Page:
Think about the event title as your big chance for your first newspaper headline. If you only had enough space on the front page of a newspaper to put your event title, what would you say to draw that person to turn the page and find out more about your event? This is no more different in the world of user groups then it is for the mythical newspaper analogy. Your event title must be compelling, engage immediate interest, and be accessible to a broad range of talent levels.
You are probably wondering why I am presenting this to you in the way that I am. Your event title is indeed a headline, which I will explain more about later. But first a couple of tips…
Do not use the title for your event that your speaker gives you! On occasion, this is probably fine, but in practice, the title that your speaker gives you is often too technical or technically polarizing, immediately chasing away a large number of potential attendees.
Before the importance of the title will be completely apparent, we need to talk about where and how to tell people about your user group meeting. Here are a few ways that you can publicize your meeting, and I suggest using all of them if you can until you get a regular attendee number that you’re comfortable with. Simply put, you never know which source your reoccurring attendees will find you through.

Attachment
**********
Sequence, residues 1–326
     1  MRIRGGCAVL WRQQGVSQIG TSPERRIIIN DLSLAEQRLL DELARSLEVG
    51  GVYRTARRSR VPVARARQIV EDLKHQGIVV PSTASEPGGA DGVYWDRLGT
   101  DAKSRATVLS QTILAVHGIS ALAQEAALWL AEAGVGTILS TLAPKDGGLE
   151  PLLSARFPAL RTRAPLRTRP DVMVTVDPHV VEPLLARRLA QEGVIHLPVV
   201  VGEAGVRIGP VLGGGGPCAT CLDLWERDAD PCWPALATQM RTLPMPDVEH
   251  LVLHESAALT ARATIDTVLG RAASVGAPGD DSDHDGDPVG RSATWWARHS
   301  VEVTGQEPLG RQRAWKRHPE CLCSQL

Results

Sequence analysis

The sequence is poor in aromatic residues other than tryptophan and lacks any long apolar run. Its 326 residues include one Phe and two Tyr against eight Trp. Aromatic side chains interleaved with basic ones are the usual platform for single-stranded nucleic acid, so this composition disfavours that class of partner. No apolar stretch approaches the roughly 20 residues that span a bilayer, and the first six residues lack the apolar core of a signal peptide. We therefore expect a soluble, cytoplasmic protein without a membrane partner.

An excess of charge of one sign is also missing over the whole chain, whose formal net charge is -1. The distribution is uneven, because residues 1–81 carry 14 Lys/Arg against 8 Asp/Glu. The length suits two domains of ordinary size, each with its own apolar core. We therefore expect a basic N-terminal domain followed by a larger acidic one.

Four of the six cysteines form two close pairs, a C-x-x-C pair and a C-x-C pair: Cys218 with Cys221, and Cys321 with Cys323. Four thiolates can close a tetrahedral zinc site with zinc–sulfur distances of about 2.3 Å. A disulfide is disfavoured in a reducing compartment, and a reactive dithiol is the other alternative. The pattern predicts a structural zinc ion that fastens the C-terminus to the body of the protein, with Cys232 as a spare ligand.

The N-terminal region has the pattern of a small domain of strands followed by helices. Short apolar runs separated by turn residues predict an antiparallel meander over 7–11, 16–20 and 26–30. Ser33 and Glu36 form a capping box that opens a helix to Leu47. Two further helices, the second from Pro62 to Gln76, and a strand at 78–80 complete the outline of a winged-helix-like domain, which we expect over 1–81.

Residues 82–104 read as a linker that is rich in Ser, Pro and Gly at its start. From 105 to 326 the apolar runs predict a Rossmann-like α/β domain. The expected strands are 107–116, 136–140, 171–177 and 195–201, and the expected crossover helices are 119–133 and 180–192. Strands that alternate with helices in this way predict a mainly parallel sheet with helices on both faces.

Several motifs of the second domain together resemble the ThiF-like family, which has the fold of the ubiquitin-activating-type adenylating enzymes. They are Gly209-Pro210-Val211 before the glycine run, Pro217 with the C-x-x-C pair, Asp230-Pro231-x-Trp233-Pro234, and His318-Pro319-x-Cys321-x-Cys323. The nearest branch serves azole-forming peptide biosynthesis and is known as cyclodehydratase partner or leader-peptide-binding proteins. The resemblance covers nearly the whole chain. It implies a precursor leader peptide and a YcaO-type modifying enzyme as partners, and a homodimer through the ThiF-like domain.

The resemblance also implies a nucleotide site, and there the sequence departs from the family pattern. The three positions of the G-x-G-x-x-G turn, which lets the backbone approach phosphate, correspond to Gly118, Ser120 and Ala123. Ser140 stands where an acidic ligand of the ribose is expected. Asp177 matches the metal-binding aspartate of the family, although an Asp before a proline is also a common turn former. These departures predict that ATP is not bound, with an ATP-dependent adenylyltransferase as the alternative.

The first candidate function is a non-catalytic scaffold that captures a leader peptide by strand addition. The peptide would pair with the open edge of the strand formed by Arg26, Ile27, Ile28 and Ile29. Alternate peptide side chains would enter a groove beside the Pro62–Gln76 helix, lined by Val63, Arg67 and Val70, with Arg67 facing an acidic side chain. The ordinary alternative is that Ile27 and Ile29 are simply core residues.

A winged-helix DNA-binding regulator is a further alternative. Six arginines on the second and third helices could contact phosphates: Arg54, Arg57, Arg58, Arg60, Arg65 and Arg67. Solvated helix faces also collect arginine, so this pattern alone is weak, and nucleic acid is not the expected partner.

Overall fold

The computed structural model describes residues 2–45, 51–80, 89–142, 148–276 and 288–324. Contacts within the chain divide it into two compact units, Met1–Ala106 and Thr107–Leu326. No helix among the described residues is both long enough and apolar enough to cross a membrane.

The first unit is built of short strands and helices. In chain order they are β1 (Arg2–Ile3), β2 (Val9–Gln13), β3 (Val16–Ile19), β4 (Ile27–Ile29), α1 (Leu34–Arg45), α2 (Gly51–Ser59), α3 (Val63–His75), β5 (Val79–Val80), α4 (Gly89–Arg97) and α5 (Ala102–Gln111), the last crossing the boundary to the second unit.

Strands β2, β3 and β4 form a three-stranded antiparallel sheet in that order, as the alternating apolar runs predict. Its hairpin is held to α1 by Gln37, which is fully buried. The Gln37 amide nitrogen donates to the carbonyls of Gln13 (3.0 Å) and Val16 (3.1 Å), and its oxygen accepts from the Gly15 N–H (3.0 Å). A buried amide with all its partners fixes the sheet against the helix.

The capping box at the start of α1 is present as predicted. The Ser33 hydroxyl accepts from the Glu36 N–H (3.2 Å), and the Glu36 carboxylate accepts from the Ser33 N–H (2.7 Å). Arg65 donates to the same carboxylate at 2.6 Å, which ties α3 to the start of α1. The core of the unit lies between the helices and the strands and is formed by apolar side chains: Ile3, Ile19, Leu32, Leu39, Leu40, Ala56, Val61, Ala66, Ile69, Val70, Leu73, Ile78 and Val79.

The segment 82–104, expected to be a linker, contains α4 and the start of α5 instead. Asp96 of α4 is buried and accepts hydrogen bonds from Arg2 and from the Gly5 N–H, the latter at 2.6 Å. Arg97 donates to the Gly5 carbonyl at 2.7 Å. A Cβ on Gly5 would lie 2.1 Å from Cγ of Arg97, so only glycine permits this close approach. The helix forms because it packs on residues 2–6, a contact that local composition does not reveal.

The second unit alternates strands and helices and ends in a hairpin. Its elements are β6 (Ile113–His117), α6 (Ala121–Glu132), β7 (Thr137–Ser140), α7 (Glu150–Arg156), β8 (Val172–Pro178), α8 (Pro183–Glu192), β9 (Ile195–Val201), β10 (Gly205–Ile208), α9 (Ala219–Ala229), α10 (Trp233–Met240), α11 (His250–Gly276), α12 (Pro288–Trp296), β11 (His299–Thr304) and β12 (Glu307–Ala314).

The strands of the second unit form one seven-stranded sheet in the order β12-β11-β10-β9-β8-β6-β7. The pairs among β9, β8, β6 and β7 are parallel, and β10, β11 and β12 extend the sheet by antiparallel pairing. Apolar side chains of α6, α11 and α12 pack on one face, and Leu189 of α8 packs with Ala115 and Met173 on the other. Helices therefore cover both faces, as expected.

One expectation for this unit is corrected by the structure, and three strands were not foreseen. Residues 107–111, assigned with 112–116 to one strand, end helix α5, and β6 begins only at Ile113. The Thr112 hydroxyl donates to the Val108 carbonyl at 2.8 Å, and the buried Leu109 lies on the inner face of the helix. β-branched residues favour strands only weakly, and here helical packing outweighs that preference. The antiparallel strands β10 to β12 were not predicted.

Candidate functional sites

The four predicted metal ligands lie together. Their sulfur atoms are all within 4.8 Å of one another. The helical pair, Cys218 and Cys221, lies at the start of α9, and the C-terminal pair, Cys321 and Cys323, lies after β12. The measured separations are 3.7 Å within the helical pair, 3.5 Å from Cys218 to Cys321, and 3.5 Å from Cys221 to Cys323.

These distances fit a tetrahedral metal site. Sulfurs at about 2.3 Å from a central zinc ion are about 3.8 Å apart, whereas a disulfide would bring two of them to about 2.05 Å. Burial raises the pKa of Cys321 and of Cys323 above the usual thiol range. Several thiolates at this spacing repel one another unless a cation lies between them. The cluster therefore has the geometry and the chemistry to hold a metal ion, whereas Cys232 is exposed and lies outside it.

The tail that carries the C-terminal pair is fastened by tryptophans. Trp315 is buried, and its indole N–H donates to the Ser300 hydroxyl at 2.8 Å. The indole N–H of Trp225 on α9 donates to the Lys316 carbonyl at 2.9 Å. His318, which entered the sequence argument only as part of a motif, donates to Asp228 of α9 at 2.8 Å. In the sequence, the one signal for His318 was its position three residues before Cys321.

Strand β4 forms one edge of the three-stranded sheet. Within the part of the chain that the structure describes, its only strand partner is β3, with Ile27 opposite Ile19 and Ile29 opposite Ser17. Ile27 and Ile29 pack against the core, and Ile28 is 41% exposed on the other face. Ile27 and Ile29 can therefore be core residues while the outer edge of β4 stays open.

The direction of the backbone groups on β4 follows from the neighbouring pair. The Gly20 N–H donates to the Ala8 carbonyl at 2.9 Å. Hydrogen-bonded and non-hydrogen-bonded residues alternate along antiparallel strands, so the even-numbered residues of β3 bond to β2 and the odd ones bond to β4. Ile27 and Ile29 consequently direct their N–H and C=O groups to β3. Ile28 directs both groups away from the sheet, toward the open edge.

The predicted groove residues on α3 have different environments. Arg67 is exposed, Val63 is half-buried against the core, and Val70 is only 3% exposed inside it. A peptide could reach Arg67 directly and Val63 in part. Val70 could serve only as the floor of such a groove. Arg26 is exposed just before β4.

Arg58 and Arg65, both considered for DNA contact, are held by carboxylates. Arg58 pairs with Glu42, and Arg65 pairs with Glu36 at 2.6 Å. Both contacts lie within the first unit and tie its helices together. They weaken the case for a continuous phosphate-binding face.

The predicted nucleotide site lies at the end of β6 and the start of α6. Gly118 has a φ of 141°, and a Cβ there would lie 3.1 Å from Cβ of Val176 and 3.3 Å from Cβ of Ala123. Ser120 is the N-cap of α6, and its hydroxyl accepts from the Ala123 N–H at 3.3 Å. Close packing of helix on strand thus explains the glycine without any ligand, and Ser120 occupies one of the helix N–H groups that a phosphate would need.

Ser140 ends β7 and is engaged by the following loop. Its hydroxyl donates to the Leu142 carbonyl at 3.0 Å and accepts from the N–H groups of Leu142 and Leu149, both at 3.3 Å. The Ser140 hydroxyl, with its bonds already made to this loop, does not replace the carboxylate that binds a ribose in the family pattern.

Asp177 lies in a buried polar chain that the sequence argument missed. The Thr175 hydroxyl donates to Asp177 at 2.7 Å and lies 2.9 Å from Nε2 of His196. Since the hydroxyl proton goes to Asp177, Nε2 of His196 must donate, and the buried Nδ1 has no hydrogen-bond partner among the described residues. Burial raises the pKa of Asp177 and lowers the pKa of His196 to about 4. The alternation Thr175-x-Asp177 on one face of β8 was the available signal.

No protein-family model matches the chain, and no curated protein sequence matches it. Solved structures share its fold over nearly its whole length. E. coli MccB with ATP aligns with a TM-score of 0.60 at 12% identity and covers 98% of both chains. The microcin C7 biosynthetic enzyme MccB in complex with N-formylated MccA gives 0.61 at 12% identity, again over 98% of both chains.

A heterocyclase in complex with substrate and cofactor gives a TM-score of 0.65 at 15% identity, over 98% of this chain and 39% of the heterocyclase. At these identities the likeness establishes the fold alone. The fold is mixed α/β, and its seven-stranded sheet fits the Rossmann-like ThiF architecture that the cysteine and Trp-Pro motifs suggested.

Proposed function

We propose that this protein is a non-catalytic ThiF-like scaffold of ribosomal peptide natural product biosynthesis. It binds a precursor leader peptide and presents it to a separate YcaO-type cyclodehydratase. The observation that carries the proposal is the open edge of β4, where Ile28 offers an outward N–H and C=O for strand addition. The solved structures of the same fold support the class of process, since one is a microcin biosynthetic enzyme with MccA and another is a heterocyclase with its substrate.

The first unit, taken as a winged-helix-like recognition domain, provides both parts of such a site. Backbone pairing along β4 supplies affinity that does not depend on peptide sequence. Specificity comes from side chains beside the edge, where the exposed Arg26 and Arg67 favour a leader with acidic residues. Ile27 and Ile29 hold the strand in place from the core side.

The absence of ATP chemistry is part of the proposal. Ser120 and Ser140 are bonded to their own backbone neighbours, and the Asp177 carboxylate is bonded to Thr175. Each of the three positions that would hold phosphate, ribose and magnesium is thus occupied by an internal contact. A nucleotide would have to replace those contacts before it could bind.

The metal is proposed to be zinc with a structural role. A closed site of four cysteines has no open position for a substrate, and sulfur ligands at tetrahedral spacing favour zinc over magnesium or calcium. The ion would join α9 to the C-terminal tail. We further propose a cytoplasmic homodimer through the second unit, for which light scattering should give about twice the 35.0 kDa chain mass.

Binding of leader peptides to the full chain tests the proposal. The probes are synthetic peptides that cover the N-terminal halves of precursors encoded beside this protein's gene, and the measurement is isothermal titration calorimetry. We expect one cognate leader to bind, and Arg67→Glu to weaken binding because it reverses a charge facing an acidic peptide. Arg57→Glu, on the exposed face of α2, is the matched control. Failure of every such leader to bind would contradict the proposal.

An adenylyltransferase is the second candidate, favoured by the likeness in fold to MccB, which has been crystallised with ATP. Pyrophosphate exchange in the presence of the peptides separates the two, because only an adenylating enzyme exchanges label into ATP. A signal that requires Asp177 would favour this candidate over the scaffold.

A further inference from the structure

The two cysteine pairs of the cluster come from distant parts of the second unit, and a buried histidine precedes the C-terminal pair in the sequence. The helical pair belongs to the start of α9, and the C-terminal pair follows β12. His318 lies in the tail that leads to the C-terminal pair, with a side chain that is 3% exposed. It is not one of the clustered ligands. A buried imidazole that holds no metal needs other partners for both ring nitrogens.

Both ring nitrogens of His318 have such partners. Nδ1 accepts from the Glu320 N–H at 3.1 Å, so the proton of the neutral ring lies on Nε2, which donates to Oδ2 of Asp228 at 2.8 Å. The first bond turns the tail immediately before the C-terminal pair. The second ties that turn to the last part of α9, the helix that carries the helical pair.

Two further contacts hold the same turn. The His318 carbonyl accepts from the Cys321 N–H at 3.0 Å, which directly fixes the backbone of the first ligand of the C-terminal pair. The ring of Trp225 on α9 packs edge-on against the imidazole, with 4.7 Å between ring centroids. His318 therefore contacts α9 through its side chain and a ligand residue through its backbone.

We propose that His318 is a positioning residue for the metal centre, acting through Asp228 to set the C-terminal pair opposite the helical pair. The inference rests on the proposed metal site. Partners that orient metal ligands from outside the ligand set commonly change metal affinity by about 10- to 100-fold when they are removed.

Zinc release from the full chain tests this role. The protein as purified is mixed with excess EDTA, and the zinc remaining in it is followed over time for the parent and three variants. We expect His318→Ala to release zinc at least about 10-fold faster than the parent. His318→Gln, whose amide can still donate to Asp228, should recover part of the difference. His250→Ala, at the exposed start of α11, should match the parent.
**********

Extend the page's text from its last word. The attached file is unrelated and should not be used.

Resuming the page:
Notice that in the above list, there isn’t any cost involved. It is important to use up every free resource you can as a UG leader or coordinator. Now for a little more explanation…
If you are running a DNN user group, you should be hosting your website on DNN. I will assume that you are… You can use something other than the Events Module, but I have found more success in using the Events Module for various reasons. Be sure to add your meetings to your calendar regularly, even if you only have a date. Adding meetings that don’t have a firm commitment from a speaker or venue is still important, as it will show your members that there is indeed a meeting date and time, so they can plan for it. In these cases, you can simply say that the content and speaker is “to be determined.”